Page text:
A senior Russian diplomat has refused to rule out a Russian military deployment to Cuba and Venezuela if tensions with the United States over Ukraine and NATO’s expansion in Eastern Europe mountBy VLADIMIR ISACHENKOV and MATTHEW LEE Associated PressJanuary 13, 2022, 2:22 PM• 7 min read
High-stakes discussions between US and RussiaThe first round of crisis talks between Russia and the U.S. over Ukraine and NATO expan…Read MoreThe Associated Press
MOSCOW — Russia raised the stakes Thursday in its dispute with the West over Ukraine and NATO’s expansion when a top diplomat refused to rule out a military deployment to Cuba and Venezuela if tensions with the United States escalate.
“It all depends on the action by our U.S. counterparts,” the minister said in an interview with Russian television network RTVI, citing Russian President Vladimir Putin’s warning that Moscow could take unspecified “military-technical measures” if the U.S. and its allies fail to heed its demands.
U.S. national security adviser Jake Sullivan dismissed the statements about a possible Russian deployment to Cuba and Venezuela as “bluster in the public commentary.”
Ryabkov led a Russian delegation in talks with the U.S. on Monday. The negotiations in Geneva and a related NATO-Russia meeting in Brussels took place in response to a significant Russian troop buildup near Ukraine that the West fears might be a prelude to an invasion.
Russia, which annexed Ukraine’s Crimea Peninsula in 2014, has denied having plans to attack the neighboring country. The Kremlin reacted to the suggestion by accusing NATO of threatening its territory and demanding that the military alliance never embrace Ukraine or any other ex-Soviet nations as new members.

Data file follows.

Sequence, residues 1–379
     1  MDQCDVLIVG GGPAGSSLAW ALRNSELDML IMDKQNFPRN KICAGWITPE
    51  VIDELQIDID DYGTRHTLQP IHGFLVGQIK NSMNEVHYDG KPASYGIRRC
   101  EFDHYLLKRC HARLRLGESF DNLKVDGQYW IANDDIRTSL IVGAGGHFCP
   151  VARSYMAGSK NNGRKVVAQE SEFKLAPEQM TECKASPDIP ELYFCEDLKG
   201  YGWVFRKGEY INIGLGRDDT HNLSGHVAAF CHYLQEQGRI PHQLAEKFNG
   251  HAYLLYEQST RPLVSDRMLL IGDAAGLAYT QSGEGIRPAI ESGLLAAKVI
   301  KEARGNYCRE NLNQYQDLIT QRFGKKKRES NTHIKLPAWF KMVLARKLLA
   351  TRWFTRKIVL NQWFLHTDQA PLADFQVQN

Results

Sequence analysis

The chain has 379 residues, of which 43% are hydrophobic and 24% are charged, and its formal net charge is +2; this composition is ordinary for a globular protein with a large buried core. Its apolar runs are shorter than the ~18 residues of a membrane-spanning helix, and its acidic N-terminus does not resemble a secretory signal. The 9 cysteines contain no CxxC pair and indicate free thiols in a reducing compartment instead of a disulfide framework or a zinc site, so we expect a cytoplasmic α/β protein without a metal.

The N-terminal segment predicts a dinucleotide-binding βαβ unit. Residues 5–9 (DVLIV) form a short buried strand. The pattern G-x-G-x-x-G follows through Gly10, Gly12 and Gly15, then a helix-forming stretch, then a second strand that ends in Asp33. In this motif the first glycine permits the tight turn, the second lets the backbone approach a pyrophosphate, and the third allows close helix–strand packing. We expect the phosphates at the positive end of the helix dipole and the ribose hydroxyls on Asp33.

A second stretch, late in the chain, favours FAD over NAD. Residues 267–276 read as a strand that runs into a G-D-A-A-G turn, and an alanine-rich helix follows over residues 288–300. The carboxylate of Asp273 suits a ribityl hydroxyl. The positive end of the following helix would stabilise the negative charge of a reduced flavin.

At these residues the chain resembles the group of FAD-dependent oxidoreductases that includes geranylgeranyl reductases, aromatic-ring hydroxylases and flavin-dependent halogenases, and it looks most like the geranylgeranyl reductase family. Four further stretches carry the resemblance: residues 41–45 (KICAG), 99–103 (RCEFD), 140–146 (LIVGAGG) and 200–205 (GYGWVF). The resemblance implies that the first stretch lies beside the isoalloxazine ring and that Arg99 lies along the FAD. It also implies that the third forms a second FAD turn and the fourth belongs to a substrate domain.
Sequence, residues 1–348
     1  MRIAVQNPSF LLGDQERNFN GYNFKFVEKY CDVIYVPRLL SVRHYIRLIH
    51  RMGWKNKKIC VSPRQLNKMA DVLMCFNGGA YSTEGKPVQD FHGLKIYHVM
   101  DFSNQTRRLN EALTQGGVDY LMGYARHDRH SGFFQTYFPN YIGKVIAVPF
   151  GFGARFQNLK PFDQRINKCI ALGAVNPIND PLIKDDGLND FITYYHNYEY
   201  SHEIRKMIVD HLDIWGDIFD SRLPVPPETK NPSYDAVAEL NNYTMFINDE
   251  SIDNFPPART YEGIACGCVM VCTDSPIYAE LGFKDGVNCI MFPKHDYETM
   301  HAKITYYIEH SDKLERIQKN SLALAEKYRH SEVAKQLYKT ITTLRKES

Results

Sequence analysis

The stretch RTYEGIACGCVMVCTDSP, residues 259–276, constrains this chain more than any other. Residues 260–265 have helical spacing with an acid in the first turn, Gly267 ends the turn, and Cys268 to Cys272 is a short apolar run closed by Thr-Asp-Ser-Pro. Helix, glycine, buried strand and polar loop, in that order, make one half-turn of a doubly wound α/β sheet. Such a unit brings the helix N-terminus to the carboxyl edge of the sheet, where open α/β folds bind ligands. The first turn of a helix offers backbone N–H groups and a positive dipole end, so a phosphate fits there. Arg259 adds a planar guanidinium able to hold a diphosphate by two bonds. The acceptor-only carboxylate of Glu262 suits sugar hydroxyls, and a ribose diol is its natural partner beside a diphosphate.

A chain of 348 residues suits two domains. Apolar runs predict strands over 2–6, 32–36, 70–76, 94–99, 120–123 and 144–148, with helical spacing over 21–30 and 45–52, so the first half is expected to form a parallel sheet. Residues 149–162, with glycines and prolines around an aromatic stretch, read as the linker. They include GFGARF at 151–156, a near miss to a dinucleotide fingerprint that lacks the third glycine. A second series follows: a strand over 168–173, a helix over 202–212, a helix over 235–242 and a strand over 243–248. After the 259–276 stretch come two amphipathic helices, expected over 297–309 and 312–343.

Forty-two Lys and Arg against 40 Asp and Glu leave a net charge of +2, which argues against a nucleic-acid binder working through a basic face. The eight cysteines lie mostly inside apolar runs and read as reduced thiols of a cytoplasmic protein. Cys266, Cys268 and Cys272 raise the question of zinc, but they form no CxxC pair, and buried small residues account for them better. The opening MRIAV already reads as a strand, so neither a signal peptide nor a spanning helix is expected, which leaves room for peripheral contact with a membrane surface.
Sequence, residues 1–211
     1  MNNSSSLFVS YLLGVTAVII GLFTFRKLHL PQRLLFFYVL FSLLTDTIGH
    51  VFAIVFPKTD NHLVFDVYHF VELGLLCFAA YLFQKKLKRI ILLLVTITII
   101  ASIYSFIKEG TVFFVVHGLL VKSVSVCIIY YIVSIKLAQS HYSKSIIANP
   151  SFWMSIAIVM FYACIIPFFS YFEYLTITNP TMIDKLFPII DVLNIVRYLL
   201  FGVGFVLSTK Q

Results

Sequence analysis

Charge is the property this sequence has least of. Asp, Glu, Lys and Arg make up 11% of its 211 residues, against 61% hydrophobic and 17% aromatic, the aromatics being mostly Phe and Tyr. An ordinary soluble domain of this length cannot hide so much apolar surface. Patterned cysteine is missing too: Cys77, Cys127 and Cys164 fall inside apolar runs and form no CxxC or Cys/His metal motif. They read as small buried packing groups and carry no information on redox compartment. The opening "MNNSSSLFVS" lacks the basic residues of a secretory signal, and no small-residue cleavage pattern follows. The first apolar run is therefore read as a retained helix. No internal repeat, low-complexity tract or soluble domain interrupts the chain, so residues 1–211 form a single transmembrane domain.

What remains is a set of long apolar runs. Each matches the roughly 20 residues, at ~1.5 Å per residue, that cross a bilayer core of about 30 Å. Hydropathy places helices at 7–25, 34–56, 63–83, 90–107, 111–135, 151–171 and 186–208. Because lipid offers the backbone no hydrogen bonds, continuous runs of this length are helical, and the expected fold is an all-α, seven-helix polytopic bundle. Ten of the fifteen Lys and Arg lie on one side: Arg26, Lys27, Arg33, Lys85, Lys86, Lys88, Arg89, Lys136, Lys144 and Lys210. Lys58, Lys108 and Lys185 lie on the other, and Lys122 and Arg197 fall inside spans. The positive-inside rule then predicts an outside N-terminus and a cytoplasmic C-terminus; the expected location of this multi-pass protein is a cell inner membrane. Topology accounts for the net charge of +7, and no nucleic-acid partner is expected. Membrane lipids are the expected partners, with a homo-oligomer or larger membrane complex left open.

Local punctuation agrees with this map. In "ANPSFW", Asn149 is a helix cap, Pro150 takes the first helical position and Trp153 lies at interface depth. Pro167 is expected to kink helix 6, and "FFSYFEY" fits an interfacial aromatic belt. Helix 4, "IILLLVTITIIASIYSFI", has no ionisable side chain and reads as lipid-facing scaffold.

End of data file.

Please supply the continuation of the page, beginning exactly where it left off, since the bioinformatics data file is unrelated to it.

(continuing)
Washington and its allies firmly rejected the demand this week as a nonstarter, but the NATO and Russian delegations agreed to leave the door open to further talks on arms control and other issues intended to reduce the potential for hostilities.
Speaking to reporters in Washington, Sullivan said that “allied unity and transatlantic solidarity were on full display and they remain on full display” during this week’s talks with Russia, which he described as “frank and direct.”
“We stuck to our core premise of reciprocity,” the national security adviser said. “We were firm in our principles and clear about those areas where we can make progress and those areas that are non-starter.”
Sullivan noted that no further talks have been scheduled, but “we’re prepared to continue with diplomacy to advance security and stability in the Euro-Atlantic.”
“We’re equally prepared if Russia chooses a different path,” he added. “We continue to coordinate intensively with partners on severe economic measures in response to a further Russian invasion of Ukraine.”
Asked about Ryabkov keeping the door open to basing troops and equipment in Latin America, Sullivan responded: “I’m not going to respond to bluster in the public commentary.”
He noted that the issue wasn’t raised during this week’s talks and added that “if Russia were to move in that direction, we would deal with it decisively.”
Ryabkov last month compared the current tensions over Ukraine with the 1962 Cuban Missile Crisis — when the Soviet Union deployed missiles to Cuba and the U.S. imposed a naval blockade of the island.
That crisis ended after U.S. President John F. Kennedy and Soviet leader Nikita Khrushchev agreed that Moscow would withdraw its missiles in exchange for Washington’s pledge not to invade Cuba and the removal of U.S. missiles from Turkey.
Putin, in seeking to curtail the West’s military activity in Eastern Europe, has argued that NATO could use Ukrainian territory to deploy missiles capable of reaching Moscow in just five minutes. He warned that Russia could gain a similar capability by deploying warships armed with the latest Zircon hypersonic cruise missile in neutral waters.
Soon after his first election in 2000, Putin ordered the closure of a Soviet-built military surveillance facility in Cuba as he sought to improve ties with Washington. Moscow has intensified contacts with Cuba in recent years as tensions with the U.S. and its allies mounted.